Concurrent use of methylphenidate, selective serotonin reuptake inhibitor generally safe

15 Mar 2023
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Using methylphenidate and a selective serotonin reuptake inhibitor (SSRI) together does not appear to pose any significant risk, with both agents having been shown to be safe in adolescent patients with attention deficit-hyperactivity disorder (ADHD) and depression, according to a new-user cohort study.

For the study, researchers used a nationwide claims database in South Korea and identified adolescents who received a diagnosis of both ADHD and depressive disorder. Safety outcomes were compared between those who used methylphenidate only and those who used both methylphenidate and an SSRI.   Safety outcomes were also evaluated among fluoxetine and escitalopram users to find a preferable treatment option.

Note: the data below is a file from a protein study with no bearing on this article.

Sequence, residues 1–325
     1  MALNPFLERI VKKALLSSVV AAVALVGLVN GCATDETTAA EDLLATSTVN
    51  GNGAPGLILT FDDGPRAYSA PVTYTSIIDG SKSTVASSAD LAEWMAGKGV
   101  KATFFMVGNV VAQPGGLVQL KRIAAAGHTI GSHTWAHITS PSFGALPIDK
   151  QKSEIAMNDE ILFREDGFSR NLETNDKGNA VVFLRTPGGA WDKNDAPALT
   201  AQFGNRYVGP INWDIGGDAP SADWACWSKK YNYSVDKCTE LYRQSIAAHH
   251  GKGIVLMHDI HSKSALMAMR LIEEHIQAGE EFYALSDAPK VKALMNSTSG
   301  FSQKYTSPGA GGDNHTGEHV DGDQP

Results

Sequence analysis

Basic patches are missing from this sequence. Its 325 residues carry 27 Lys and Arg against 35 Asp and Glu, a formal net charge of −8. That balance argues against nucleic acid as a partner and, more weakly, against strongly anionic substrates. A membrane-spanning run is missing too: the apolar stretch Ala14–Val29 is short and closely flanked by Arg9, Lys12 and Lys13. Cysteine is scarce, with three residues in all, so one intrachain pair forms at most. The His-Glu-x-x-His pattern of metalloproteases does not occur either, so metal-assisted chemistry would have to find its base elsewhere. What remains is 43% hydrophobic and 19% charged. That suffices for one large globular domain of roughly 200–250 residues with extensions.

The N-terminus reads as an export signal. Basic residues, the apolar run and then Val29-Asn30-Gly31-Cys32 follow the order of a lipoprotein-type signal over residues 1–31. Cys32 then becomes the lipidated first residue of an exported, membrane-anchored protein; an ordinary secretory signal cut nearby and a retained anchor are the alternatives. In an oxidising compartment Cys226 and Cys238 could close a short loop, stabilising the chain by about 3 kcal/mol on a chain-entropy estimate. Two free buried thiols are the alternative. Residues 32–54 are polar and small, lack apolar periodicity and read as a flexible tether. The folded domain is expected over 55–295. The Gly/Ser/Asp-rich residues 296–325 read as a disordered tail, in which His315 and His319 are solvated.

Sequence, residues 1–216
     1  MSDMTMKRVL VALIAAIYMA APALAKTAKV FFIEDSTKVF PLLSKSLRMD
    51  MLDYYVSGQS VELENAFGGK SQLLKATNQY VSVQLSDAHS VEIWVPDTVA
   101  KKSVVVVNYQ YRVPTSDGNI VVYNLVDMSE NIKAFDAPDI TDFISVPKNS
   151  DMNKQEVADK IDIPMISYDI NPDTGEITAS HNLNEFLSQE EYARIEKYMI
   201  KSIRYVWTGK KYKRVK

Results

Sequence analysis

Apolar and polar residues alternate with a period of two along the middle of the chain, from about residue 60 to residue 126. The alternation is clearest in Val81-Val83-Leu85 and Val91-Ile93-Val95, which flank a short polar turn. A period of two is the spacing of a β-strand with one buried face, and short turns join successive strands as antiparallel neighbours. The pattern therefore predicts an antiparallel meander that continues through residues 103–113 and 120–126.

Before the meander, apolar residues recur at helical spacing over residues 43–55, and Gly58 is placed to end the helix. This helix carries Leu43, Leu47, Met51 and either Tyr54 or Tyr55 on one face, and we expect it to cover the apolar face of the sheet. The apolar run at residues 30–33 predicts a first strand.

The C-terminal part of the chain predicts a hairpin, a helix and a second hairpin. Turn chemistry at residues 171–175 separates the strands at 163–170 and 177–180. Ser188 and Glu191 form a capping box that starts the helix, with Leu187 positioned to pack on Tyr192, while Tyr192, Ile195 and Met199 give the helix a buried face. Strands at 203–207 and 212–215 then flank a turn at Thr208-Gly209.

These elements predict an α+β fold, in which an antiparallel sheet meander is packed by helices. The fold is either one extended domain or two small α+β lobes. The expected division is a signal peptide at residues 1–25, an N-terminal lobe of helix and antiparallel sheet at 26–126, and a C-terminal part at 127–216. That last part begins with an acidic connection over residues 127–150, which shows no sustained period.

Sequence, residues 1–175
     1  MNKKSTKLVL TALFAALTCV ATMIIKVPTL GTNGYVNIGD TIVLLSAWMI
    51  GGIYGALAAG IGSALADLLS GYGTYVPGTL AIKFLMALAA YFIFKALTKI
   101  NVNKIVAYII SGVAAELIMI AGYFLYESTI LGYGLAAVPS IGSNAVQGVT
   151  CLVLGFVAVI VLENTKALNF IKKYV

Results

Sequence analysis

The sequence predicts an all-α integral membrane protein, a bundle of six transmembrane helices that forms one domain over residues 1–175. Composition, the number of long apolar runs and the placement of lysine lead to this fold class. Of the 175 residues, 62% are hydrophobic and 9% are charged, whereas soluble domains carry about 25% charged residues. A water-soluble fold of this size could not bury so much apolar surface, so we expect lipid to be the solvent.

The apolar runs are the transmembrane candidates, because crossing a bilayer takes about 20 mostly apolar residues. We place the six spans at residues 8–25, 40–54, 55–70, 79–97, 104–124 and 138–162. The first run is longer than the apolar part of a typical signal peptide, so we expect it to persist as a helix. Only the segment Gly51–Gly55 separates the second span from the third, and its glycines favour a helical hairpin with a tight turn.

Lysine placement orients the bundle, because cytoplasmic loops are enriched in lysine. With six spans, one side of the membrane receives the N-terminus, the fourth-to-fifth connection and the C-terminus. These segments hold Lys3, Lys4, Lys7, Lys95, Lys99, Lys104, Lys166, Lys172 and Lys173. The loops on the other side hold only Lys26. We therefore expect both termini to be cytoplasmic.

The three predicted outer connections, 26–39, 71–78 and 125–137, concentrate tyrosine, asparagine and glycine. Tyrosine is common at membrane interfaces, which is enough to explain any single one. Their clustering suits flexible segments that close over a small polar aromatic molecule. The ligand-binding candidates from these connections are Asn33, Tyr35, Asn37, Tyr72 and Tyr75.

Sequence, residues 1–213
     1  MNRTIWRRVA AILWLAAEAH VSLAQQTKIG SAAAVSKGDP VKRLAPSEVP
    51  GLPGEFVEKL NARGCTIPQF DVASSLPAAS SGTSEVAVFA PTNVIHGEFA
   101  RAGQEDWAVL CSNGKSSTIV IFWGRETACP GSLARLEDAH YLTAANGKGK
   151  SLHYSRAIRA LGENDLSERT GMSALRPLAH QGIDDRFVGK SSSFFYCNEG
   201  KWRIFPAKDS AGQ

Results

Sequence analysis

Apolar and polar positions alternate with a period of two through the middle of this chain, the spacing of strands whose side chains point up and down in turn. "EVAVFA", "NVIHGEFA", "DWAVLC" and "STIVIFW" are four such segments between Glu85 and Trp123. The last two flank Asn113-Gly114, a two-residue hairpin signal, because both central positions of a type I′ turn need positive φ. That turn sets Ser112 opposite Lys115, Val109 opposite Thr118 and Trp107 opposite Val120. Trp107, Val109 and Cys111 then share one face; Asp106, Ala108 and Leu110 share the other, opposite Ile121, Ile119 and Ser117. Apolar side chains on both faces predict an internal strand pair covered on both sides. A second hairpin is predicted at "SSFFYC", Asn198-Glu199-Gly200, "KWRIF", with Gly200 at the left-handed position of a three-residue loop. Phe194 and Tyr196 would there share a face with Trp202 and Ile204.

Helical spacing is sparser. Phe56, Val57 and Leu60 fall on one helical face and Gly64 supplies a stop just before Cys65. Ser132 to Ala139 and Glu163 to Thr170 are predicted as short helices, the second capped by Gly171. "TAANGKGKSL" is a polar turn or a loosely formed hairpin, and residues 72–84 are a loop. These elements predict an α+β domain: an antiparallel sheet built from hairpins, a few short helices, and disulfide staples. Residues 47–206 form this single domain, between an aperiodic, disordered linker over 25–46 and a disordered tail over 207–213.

Thirteen outcomes (eg, neuropsychiatric, gastrointestinal, and other events) were assessed, with respiratory tract infection as a negative control outcome. The user groups were matched using a propensity score. Subgroup and sensitivity analyses were conducted in a number of epidemiologic settings.

Cox proportional hazard models showed that the frequency of all outcomes were not significantly different among methylphenidate-only users and users of both methylphenidate and an SSRI.

With regard to SSRIs, fluoxetine was associated with a significantly lower risk of tic disorder as compared with escitalopram (hazard ratio, 0.43, 95 percent confidence interval, 0.25–0.71). None of the other outcomes examined significantly differed between the fluoxetine and escitalopram groups.

The findings suggest that methylphenidate may be used concurrently with an SSRI among adolescents with ADHD and depression.

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